(Editor’s note: Lacey Hessling-Yzeik, the daughter of Richard and Mary Hessling of Honesdale, participated in the Bear Creek Resort Tough Mudder held in Allentown in April. She resides in Waymart.)


My team name was team “Suck It Up.” We were a group of 13 that got together via a Facebook page called NEPA90.


 My team name was team “Suck It Up.” We were a group of 13 that got together via a Facebook page called NEPA90. We have been on a weight loss mission for months and (the) majority of us have lost a ton of weight and changed our lives all with the support from the NEPA 90 Group. Larry Crimi, Jr. fellow Honesdalian was our coach and leader and prepared us for this event. While only 13 of the 100’s of people on the NEPA 90 site competed in the ‘Mudder”, the fact of the matter is that we did it and we finished, together. We helped each team member fight to the end, we helped others teams fight and complete the obstacles. It was the hardest thing I have ever done, it is definitely the toughest event on the planet. Definitely more mental than physical, although physical fitness is probably a good idea.

The one thing that I need to mention is that I am a Type 1 Diabetic. I was told not to do the Mudder. I was told it would be impossible for me to complete it. I wear an insulin pump to control my diabetes. The pump is a small mechanical device that I wear on my body at all times that delivers insulin to me like a regular pancreas would based on numbers formulate and controlled by me and my doctor. I have to track how many carbohydrates I eat and tell the pump the amount of grams I am consuming and it will suggest the amount of insulin I need to cover that so that my blood glucose level stay consistent and in range. I call it a mechanical pancreas. The thing about the pump is that diabetics should not have the pump off for more than an hour. Well, the Tough Mudder takes longer than that, unless you are he-man, so I was all set to have to quit within the first hour.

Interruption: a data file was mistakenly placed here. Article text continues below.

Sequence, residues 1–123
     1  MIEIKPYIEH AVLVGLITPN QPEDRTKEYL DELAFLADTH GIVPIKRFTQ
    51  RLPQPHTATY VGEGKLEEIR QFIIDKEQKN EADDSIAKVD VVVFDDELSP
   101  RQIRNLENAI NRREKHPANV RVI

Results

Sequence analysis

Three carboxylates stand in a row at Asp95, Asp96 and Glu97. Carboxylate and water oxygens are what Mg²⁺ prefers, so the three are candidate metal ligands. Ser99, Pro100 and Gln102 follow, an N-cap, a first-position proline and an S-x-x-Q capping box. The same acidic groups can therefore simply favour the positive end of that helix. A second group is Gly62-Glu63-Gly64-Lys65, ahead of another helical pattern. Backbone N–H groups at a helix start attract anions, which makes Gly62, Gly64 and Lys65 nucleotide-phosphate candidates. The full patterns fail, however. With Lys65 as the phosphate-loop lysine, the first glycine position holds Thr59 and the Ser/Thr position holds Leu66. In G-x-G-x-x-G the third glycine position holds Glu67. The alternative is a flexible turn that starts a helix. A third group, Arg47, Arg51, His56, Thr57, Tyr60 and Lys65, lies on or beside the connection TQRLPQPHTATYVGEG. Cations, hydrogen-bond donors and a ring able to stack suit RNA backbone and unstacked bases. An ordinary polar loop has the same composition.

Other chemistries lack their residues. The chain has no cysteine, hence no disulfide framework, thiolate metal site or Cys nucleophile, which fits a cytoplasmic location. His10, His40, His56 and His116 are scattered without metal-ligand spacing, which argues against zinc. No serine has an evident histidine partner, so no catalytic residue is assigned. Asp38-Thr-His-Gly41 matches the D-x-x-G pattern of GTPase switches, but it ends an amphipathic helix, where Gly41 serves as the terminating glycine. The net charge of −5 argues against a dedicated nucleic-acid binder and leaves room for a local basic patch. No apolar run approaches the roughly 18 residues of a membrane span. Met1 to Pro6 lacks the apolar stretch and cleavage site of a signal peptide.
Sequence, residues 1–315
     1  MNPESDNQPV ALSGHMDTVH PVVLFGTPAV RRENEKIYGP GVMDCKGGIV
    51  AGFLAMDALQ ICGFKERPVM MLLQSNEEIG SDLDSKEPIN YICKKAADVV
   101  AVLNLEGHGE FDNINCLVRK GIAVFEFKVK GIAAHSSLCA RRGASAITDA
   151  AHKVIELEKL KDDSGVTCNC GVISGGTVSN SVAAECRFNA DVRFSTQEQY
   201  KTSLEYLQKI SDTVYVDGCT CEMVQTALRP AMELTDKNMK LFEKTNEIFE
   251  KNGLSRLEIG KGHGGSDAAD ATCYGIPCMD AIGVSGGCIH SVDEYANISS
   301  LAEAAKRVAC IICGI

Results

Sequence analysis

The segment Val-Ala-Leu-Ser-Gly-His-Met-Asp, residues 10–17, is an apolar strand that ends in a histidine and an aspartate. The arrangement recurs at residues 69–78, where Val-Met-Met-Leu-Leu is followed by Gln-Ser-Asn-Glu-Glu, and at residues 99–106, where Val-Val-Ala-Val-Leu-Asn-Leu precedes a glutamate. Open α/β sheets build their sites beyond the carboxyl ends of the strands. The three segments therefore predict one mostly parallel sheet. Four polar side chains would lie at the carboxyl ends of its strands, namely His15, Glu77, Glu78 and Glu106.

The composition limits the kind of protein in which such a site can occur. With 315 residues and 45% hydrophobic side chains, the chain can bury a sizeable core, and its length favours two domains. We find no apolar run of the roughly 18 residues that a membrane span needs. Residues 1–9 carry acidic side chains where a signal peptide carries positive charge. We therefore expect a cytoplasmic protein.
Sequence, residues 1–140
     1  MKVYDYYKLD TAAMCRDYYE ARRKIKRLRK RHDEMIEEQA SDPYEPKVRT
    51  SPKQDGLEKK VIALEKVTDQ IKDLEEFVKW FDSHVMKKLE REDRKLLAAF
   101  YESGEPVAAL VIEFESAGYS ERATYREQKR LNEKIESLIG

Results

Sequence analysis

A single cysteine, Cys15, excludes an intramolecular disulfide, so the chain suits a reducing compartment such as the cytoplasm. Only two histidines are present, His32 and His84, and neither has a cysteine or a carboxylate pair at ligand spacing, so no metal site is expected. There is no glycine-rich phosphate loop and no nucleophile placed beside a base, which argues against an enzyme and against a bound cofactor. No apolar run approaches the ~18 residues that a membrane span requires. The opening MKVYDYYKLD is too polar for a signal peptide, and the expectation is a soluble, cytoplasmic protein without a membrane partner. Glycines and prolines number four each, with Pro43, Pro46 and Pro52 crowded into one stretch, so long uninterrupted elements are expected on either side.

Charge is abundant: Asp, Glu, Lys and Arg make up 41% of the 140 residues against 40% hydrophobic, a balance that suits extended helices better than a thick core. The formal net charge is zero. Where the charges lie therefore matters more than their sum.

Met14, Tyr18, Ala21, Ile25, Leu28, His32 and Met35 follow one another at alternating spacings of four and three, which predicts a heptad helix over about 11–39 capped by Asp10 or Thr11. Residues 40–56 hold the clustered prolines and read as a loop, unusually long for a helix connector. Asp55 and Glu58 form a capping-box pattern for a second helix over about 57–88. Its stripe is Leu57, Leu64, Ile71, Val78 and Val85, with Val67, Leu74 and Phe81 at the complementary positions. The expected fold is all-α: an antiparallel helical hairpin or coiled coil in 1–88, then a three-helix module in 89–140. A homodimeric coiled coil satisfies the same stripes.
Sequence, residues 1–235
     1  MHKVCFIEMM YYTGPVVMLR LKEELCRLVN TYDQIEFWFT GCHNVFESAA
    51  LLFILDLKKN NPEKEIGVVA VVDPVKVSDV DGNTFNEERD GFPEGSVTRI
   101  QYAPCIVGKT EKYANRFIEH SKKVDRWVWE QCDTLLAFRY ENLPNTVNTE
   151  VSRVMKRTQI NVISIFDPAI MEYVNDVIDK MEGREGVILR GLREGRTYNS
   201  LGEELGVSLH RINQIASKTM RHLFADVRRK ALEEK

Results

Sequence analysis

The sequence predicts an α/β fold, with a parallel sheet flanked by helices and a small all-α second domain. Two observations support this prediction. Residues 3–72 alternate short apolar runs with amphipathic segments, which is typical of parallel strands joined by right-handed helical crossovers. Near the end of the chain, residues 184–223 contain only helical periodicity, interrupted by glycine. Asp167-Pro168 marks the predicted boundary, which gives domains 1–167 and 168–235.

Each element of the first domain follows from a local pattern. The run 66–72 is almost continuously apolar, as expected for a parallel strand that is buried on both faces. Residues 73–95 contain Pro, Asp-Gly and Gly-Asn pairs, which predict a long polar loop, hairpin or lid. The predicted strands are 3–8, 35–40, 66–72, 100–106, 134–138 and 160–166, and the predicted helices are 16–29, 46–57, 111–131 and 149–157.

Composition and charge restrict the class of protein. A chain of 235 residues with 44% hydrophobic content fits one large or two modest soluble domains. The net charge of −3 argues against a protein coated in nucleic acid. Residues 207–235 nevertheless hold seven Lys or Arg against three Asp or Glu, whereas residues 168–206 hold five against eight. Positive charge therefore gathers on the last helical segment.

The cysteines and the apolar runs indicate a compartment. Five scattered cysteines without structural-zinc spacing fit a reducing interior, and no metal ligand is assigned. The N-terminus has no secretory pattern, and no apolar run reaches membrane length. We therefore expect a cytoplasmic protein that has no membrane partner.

Me and my teammates gathered at the starting line, said the Tough Mudder pledge and got ourselves ready. The start gun went off and we were on our way. The first few miles were tough but nothing we couldn’t handle, they were really fun. About an hour and 45 minutes in I met up with my husband who was taking pictures and holding my diabetes supplies. It was time for the first blood glucose check. I was 183 mg/dl which was fine for the amount of exercise I was doing. I rather be a little higher than Low. So, I was happy, I could continue and I did. The obstacle after checking my blood glucose was called “Walk the Plank”. I am absolutely terrified of heights so this was an obstacle that scared me to death. I climbed to the top with my coach and hesitated. I could not do it. The Army guy at the top and Coach Larry, both said, “Don’t think about it, just go” and that is exactly what I did. The 3.2 mile run through the woods was very tough. It really started to mess with my head and it was not good. Being on a team that stuck together was great but during this 3.2 mile run we kind of separated a bit and we were by ourselves. This time alone played serious tricks on my mind. This is when I realized how tired and sore I really was.